After the battles were over, I conducted an after action review where I tried to tease out some lessons. We reviewed the principles of war (mass, objective, offensive, surprise, economy of force, maneuver, unity of command, security, and simplicity) and how to apply them on the tabletop. I pointed out good and bad examples of many of these principles that I saw during the battles. I also tried to emphasize that the defender must still have a scheme of maneuver and cannot be just passive. Next year, I think we should find a battle in which the attacker has the advantage and the defender has to be aggressive to win.
Feedback from the participants was good. I think this was a very successful event. The HAWKs, including three new participants (Duncan, Kurt, and Geoff) had a good time. We must be doing something good, because they keep inviting us back!
I ran GAMER again at Fall In. Interested readers can search on GAMER or G.A.M.E.R. in my blog to see entries that describe the development process for these rules. In general, I was happy with the way the rules played. We had one or two players who couldn’t seem to get the hang of the card-based combat mechanism, but most did. The games flowed pretty quickly and smoothly.
Cory Ring of Cigar Box Battles sent me one of their wargaming terrain mat products. These are beautiful terrain mats printed fleece. Even with the roads printed on them (not all have roads), they are quite flexible. Many, many people came by to look at the terrain. One of the things that I like is that, being made of fleece, they drape over hills without annoying wrinkles.
Here is what it looked like after I added all the rest of the terrain bits. I think the overall effect is quite good. If I have any complaints, I think that this particular mat may be too woody. I had to lay out some other felt bits to cover up some of the trees to provide fields of fire for small arms to make the WWII game more interesting. They have many different designs, including snow, desert, stars, woodland (with roads), and woodland (without roads). Lately they have begun making mats based on actual historical battles. I THINK that this mat is one of two for the first day of Gettysburg.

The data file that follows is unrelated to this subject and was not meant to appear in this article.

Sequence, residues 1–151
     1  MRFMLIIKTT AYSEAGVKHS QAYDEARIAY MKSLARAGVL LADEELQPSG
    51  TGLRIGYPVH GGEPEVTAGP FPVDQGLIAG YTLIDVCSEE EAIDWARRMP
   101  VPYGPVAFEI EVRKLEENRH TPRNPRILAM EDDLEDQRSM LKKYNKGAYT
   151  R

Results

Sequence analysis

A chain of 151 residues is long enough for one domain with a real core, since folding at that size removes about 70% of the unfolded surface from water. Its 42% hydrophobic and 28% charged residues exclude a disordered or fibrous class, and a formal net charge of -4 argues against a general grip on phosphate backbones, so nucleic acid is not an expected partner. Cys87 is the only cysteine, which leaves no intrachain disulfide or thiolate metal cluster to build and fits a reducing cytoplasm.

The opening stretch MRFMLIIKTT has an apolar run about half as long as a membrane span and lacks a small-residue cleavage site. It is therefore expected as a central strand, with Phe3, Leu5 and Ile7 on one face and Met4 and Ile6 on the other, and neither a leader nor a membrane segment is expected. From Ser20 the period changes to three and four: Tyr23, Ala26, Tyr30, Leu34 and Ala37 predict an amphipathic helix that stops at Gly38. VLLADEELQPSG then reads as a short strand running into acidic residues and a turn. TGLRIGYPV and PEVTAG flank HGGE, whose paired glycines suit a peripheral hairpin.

I ran two iterations of GAMER on the same terrain. One involved British commandos and French partisans trying to rescue a captured British general from a farm house. The second was a meeting engagement between an American platoon and a German platoon.
The commandos advanced slowly toward the farmhouse. The partisans took the slow route through the woods, but despite that, they made it into the farmhouse first. They beelined upstairs and got involved in a swirling melee for three or four turns with the Germans on the second floor. In the end, the British/French force got a narrow upper hand, and I judged that the general had been rescued.
I still have a number of details to work out, but I’ll get there. They still aren’t as fast or fun as I had hoped, so I keep tinkering with them. I am using the activation mechanism from Battles by GASLIGHT and the Look, Sarge family of rules, but I keep hoping to come up with something even better.